Everyone, of course, has a different view of what constitutes mess, and what is good or bad form. From the perspective of my own detail focused autistic mind, I find most aspects of communal life a constantly stressful, conscious process of endurance and sufferance. While I probably cause social offense in many other ways, like saying things with such brutal honesty that people are shocked or challenged or both, I am extremely considerate in the way I use communal property. I am clean. I wash up my own dishes as soon as I have finished using them. I do not leave stuff lying around. I especially will not leave a used teabag in the sink – whether my own sink even if I have it all to myself, or the sink that everyone is sharing.
The devil, it seems, really is in the detail.
These photographs were taken this morning, at the communal kitchen and lounge in the apartment where I am staying, here in Cardiff. It is a lovely apartment complex, part of the Liberty Living student accommodation, and ours here is the Liberty Severn Point. My flatmates (we each have our own ensuite rooms, thank goodness!) are socially pleasant people – they are friendly, smiling and they say hello. They are all artists involved in the World Stage Design 2013, just like I am. We are among 100 chosen from a pool of 600 applications. So, I am well aware that my observations stem from a mind extremely tuned towards noticing the smallest, innocuous details. And my highly acute sensory system reacts accordingly.
Yesterday, I put away all the washed dishes, utensils and pots. Of course they piled up again, that is to be expected. But nobody else thought of putting things away. Today, I decided I will not do it – I am not the cleaning lady, and I am not their mum! There are plastic bags for rubbish available at the reception, we can take as much as we want, but nobody saw fit to line the bin with a bag. By the time I arrived, I found rubbish thrown into the unlined bin, and I was not about to empty that out and line the bin, no sir, it was far to daunting sensorially to attempt. So we continue to chuck stuff into an unlined bin, and I continue to feel ‘icky’ about it each time I have to. I remind myself that I am not the Saviour of the World of Dirty Creatures. Walking away is hard, but sometimes it is better for my sanity.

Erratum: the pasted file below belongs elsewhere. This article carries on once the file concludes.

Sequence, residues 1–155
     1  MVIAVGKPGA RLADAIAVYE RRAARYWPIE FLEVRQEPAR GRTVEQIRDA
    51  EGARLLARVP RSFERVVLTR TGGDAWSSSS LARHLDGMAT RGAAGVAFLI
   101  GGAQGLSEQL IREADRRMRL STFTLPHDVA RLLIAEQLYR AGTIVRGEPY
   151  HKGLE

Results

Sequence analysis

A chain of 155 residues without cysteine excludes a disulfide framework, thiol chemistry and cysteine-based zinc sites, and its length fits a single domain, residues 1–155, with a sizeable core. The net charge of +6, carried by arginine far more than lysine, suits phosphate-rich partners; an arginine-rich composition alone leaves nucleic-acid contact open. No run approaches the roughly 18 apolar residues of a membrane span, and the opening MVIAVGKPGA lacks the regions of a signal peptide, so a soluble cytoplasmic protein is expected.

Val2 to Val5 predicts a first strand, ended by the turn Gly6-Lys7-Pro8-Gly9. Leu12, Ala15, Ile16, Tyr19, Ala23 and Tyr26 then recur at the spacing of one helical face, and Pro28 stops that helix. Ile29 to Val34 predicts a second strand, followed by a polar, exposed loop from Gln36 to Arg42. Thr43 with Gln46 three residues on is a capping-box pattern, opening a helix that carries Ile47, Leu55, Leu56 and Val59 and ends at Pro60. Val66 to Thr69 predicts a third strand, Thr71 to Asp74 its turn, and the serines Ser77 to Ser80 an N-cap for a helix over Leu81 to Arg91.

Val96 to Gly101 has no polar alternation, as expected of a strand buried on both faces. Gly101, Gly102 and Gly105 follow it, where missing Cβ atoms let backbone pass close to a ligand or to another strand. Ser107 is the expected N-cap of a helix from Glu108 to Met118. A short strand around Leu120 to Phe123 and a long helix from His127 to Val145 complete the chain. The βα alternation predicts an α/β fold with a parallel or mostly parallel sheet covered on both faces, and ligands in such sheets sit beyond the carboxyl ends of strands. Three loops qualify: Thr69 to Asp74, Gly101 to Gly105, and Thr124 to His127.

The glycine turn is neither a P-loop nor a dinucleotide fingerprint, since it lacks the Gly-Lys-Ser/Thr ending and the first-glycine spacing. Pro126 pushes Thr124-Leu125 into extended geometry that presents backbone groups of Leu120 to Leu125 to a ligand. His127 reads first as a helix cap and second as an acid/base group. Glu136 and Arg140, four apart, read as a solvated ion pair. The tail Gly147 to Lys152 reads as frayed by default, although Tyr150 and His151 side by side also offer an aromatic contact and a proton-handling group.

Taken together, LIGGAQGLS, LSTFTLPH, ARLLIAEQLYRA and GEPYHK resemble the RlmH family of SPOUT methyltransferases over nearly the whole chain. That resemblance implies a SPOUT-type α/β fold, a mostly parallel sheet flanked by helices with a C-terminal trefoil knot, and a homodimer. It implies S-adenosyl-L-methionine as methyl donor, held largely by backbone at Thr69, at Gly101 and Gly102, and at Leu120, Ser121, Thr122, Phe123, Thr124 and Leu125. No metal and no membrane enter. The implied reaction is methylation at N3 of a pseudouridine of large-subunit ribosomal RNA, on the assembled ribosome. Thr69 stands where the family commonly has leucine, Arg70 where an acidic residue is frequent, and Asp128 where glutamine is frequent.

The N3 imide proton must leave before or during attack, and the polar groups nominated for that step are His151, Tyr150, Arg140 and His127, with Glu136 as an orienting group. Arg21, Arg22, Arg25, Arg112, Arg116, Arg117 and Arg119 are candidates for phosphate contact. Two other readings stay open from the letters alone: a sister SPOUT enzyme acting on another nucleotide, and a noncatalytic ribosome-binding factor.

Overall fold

My current housemate / tenant, at home in Sydney, is a nice and polite chap, he is also clean and not terribly messy, but he does rile me by repeatedly usurping my space on the towel rail in the bathroom (we have a very long one and he has lots of space for his own, but he insists on putting his towel on my side of the rail), repeatedly forgetting to switch off the water heater in the bathroom (I have equally repeatedly told him to do so and explained that it is imperative because the tank leaks when it gets too full, which wastes water and uses a lot of electricity – obviously he does not pay the bills!) and he regularly leaves his breakfast knife in the sink – who does he think will wash it for him then? I do it because I use the kitchen and it is silly for me to just leave it there.
OK, so I am not good with communal life. I admit it. I don’t like having to navigate around your used teabags for days on end – who do you think should be picking it up, if not you? I don’t like the mess you create with your used glasses and cups and whatnot. I don’t particularly like your ‘decoration’ of communal surfaces with your messy arrangement of your personal food items. I create a mess inside my own private space, yes, I am not a neat freak (though I am a clean freak) – but I do not mess up shared spaces, because as much as I don’t like to see your dirty shite, I don’t want to leave mine around for you to see either. Apparently, this is not the neurotypical ethos. The neurotypical social structures would rather prefer dishonest platitudes and side stepping of important issues during meaningless and loud chitchat, than to keep a shared space clean and tidy. C’est la vie.